no more turf wars
We can see the tension most clearly when science encroaches on territory that has long been the province of humanists. It is common to hear that science is about nature, while the humanities deal with values, virtue, morality, subjectivity, and aesthetics — concepts that are harder to quantify, leaving traditional science with little or nothing to add. For example, to describe love as a set of biochemical reactions resulting from the flow of a handful of neurotransmitters through certain regions of the brain is important. Yet it does very little to describe the experience of being in love.
Such polarizations are deeply simplistic and are growing less relevant every day. Developments in the physical, biological, and neurosciences now leave such narrow-minded antagonism looking problematic and corrosive. It limits progress and inhibits creativity. Many of the key issues of our times – the questions explored in the book are an illustrative sample — call for a constructive engagement between the two cultures.
It is our contention that the split between the sciences and the humanities is largely illusory and unnecessary. We need a new integrative approach.
Finding where disciplines meet
We must reach beyond traditional disciplinary boundaries and create truly cross-disciplinary ways of thinking. It is no longer enough to read Homer and Einstein or Milton and Newton as disjoint efforts to explore the complexities of the world and of human nature.
The new mindset proposes that the complexities of the world are an intrinsic aspect of human nature. In other words, we process this complexity as we experience reality. We cannot separate ourselves from the world of which we are apart. Any description or representation, any feeling or interpretation, is a manifestation of this embedding. Who we are and what we are form an irreducible whole.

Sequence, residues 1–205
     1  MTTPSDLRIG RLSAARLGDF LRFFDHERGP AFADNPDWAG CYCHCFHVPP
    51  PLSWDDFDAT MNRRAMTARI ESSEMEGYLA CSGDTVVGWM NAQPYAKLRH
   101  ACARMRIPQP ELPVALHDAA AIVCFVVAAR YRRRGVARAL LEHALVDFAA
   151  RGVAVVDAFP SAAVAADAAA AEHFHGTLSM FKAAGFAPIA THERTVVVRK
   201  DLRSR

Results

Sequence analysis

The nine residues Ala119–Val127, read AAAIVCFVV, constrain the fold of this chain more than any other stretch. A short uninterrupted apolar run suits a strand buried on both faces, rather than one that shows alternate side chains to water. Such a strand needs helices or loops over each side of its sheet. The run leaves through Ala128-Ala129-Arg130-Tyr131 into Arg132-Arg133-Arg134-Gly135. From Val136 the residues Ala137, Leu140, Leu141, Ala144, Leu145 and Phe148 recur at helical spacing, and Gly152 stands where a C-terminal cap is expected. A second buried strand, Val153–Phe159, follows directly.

It is more than just academic questions that call for the sciences and humanities to come together. Consider for instance the future of humanity as we move toward a more thorough hybridization with machines. To take one example, we currently extend our physical existence in space and time through our cell phones. Many scientists and humanists consider futuristic scenarios where we will transcend the body, becoming part human, part machine. Some even speculate that a singularity point will arrive when machines will become smarter than we are. (They are vague, however, on the meaning of “smarter.”)
A wiser model of progress
The implications of this progress call into question the wisdom of certain scientific advances. They elicit issues related to machine control; the ethics of manipulating humans and all life forms; the impact of robotization and artificial intelligence in the job market and in society; and our predatory relationship to our home planet.
There is a new culture emerging, inspired by questions old and new that reside at the very core of our pursuit of knowledge. The choices we make now as we shape our curricula, create academic departments and institutes, and engage in discussions with the general public, will shape the nature of intellectual cooperation for decades to come.
This article is an excerpt adapted from the book Great Minds Don’t Think Alike. It is republished with permission of the author.